Friday, December 1, 2017

Can Hyperloop Aims to Defeat Passenger Transport Problems in India Benefit the Freight Sector?

Three States Study the Feasibility of Travel Faster Than Air or High Speed Rail
Shipping News Feature
INDIA – Despite the early involvement in the project of entrepreneur and Tesla boss Elon Musk the first real work to develop the Hyperloop, the means of sending freight and passengers through a vacuum tube at almost undreamt of speeds, began in a garage in Los Angeles in 2014. Now, having tested the system and interested logistics stakeholders and others from as far afield as Scandinavia, Europe, the US and the UAE, Hyperloop One is targeting India with a potential to revolutionise travel across the subcontinent, with possible side benefits for the carriage of freight.

There are moves in three key Indian states to study the possibilities of the system with Maharashtra, Karnataka, and Andhra Pradesh all taking a look at the feasibility and the potential effect on the local economies. With such vital urban regions such as Mumbai, Bengaluru and the port city of Visakhapatnam being targeted, anyone with any knowledge or experience of Indian Railways will appreciate the giant leap in technology being envisioned.

Hyperloop One says that a network established in India would mean travel between any two points in the country could be achieved within two hours and cites and quotes times such as Mumbai to Pune, a journey which currently takes well over an hour by train, as just 13 minutes! This of course uses the hypothetical travel speed of 1080 kilometres per hour which the company says is achievable.

Financially such a development would principally rely on passenger transport with all the problems of G force under acceleration and deceleration however, Musk and co are content these will be overcome, pointing out the obvious parallel with air travel, and any side benefits of using the system for freight transport would not be so concerned with such problems anyway. Nick Earle, SVP of Global Field Operations, Hyperloop One, says:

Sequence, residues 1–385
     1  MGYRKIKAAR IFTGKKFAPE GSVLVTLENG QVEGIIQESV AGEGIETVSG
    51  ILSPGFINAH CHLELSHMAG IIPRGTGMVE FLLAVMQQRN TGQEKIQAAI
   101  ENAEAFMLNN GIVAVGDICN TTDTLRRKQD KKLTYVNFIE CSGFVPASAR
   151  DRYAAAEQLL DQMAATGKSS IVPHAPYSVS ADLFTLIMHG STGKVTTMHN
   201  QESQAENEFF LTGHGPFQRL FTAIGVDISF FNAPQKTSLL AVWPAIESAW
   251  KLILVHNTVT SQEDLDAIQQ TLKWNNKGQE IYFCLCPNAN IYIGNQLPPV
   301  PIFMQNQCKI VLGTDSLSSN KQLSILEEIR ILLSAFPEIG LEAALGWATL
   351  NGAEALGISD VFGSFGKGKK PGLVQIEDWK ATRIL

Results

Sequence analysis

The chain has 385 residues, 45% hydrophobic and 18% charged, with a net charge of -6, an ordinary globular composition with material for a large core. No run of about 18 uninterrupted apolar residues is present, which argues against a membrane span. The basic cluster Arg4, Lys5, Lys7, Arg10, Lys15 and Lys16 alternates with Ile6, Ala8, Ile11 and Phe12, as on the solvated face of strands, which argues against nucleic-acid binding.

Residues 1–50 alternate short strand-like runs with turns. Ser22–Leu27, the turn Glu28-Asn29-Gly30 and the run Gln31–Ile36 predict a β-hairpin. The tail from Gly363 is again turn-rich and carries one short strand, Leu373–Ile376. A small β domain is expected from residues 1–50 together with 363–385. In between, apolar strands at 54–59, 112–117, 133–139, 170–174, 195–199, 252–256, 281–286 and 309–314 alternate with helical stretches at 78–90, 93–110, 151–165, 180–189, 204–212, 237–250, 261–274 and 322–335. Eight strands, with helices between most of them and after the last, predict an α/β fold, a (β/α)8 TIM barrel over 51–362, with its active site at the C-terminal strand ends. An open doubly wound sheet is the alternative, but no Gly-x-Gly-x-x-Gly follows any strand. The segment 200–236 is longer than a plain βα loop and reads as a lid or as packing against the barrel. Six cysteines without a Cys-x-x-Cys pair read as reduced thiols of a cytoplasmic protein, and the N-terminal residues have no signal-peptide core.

”Imagine the potential impact on people’s lives and commerce if travel between Mumbai, Bengaluru, Chennai, Visakhapatnam, and Amaravati could take place in under two hours. Hyperloop could change the face of India just as trains did during the Industrial Revolution.”

The company says Hyperloop development presents an opportunity for India to leapfrog again, just as it achieved in terms of communication with mobile phone technology which now has 80% market penetration and over a billion users, with Hyperloop addressing fundamental weaknesses in its transportation infrastructure. Achieving speeds 2-3 times faster than high-speed rail, Hyperloop says it could connect far-flung Indian cities as if they were metro stops, and offer energy-efficient, on-demand, and cost-effective transport at aircraft speeds.

The three states believe that Hyperloop could improve global competitiveness, reduce congestion and emissions, and provide citizens with better social and economic mobility. While the studies underway would identify potential routes in each state, there are plenty of opportunities within each state where Hyperloop could make a difference.